by Walt Clark, Office Assistant10575385_10101407932399142_6711001650359510826_o

There was an ancient Roman god called Janus who was known as the god of beginnings and transitions. All entrance ways and exits fell under his purview. He was depicted as having two faces, one that faced the past and the other towards the future. Janus is not a widely known as other ancient gods, but at the beginning of every Roman religious ceremony, Janus was invoked at the start. Invoking Janus was considered to be a way to obtain good fortune and favor in every new endeavor.

I bring up this mythic figure because we are in that transitional part of the year. So much so, that we, to this day, still carry Janus in our calendar as the first month of the new year, January.

from the Vatican Museum

There is something about starting a new year that for many people gives a sense of pressing the ‘refresh’ button. People take on resolutions to better themselves and recommit to plans they have lost track of.

As some look forward, others look backwards. How can one expect to move into a new year if the old was especially difficult? Change can be unwelcome, even it’s just switching a number.

By the front entrance of Mayyim Hayyim there is a guest book filled with quotes and well wishes from people who have visited us. Recently, my eyes brushed over the pages as I was on my way out, and I saw this quote:

“Thank you for providing in the most beautiful and peaceful way, exactly what I needed.”

There are many quotes just like this throughout the guest book, each one unique and varied. Each marks a moment in time, between an individual’s past and their future. Depictions of Janus are shown as a face turned to the left and a face turned toward the right. Thinking about this, I realized what Janus is missing is a face turned towards you, to the present.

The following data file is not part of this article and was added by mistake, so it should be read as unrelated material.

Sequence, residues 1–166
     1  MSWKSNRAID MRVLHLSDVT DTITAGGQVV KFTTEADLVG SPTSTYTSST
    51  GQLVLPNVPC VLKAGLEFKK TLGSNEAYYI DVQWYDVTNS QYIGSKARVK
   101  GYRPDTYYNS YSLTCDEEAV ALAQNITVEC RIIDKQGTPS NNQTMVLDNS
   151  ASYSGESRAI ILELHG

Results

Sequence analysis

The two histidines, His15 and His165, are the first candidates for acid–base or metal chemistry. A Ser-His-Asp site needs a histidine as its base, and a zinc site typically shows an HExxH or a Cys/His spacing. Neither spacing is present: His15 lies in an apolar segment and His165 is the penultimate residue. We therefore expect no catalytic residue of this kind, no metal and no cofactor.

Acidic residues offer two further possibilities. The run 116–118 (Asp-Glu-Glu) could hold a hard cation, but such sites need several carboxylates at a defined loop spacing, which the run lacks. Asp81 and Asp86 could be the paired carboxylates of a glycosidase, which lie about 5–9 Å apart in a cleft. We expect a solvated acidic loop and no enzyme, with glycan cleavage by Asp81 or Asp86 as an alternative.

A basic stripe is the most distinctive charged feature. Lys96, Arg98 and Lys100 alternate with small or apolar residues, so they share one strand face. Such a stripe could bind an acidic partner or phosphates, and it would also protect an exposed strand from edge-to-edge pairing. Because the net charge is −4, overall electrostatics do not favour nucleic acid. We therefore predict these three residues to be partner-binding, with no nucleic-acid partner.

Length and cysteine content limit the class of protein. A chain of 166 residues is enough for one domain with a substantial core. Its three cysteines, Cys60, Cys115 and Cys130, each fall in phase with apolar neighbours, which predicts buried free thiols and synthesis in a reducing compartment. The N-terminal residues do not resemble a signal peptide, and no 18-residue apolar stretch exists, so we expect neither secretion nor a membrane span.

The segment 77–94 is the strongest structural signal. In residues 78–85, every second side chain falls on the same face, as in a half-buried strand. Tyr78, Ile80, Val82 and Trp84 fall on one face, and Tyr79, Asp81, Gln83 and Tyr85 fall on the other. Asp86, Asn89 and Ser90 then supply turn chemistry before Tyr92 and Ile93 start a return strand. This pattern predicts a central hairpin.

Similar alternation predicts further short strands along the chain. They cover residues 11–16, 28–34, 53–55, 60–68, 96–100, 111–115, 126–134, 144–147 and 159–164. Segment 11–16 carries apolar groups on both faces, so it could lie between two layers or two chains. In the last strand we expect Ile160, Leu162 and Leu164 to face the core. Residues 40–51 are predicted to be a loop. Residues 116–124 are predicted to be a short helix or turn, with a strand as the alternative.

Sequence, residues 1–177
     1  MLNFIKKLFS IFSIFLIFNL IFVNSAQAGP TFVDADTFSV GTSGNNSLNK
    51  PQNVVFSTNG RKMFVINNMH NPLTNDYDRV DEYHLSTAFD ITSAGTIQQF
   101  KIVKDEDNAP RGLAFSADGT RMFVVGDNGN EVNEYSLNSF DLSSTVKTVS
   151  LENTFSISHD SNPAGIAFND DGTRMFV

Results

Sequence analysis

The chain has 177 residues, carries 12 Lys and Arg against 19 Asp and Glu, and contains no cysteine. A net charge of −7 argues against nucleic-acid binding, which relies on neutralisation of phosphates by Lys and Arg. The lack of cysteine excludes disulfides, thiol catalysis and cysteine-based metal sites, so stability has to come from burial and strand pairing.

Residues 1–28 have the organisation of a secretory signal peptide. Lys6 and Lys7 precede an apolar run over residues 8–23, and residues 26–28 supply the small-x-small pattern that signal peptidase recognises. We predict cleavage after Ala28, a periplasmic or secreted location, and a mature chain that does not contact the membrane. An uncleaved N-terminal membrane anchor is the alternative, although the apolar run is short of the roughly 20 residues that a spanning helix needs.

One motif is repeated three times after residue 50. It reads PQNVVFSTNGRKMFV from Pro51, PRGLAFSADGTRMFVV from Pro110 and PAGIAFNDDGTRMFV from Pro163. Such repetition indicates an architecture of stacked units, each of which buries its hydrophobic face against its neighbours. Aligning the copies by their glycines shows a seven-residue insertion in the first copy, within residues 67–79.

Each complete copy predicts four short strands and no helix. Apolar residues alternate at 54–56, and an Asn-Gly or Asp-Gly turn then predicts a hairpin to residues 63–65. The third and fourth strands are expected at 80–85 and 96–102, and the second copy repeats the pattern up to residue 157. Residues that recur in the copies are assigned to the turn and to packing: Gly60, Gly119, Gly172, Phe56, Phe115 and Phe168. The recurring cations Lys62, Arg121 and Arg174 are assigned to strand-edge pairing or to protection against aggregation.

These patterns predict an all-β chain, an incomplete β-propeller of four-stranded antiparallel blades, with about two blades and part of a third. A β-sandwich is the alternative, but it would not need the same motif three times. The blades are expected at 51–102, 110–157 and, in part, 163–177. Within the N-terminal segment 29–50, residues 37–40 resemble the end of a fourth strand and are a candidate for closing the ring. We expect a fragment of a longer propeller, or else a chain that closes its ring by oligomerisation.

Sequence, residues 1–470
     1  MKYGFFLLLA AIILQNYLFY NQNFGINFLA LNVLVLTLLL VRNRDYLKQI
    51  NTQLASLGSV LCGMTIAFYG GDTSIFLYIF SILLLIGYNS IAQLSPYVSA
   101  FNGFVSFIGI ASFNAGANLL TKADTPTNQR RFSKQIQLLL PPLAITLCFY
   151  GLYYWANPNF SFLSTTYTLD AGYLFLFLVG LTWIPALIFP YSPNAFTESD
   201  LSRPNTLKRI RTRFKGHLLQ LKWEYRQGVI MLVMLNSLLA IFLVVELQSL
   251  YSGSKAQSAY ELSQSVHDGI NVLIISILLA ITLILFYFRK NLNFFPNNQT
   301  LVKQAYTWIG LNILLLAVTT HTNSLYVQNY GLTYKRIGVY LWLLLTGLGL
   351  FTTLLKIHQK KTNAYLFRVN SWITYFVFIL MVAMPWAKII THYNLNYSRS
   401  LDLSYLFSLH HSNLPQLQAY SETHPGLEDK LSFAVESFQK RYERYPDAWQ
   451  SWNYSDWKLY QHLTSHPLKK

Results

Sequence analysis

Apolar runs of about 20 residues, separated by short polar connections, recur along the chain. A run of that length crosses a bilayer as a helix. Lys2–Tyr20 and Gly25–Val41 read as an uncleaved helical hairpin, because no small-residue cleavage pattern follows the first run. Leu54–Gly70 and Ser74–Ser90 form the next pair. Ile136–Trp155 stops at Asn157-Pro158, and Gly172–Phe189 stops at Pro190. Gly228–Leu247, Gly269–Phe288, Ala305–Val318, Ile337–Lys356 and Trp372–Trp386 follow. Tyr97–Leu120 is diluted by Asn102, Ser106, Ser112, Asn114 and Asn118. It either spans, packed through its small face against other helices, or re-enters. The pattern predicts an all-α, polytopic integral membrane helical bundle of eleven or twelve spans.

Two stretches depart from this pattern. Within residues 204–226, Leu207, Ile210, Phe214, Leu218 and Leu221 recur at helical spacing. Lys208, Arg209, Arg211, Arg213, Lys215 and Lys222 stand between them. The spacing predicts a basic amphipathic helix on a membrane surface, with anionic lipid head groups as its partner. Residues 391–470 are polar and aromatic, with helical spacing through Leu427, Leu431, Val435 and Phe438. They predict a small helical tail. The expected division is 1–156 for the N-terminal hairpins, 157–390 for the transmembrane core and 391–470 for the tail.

The present is a precious and fleeting thing as it flies between Janus’ gazes.  Between the entrance and the exit, people can hold ‘right now’ for a moment, and in doing so, take whatever they may need from it. The words in the Mayyim Hayyim guest book remind me that we provide a space to be present. For some, being able to experience the present allows them to feel a greater connection to the world around them. For others, it allows them to step away from the outside noise and hear the quiet voice inside themselves.

As we reach the beginning of the year, Mayyim Hayyim will continue to be a space for transitions; a space to find the moment between what was and what will be.

Walton Clark is Mayyim Hayyim’s office assistant and jack of all trades.  He is a working BAM keyboardist in Boston, leading the acid-funk outfit Roxo Gato as well as performing in a variety of groups. You can follow him on Twitter @walt_twitwalker and on Instagram @welaxer.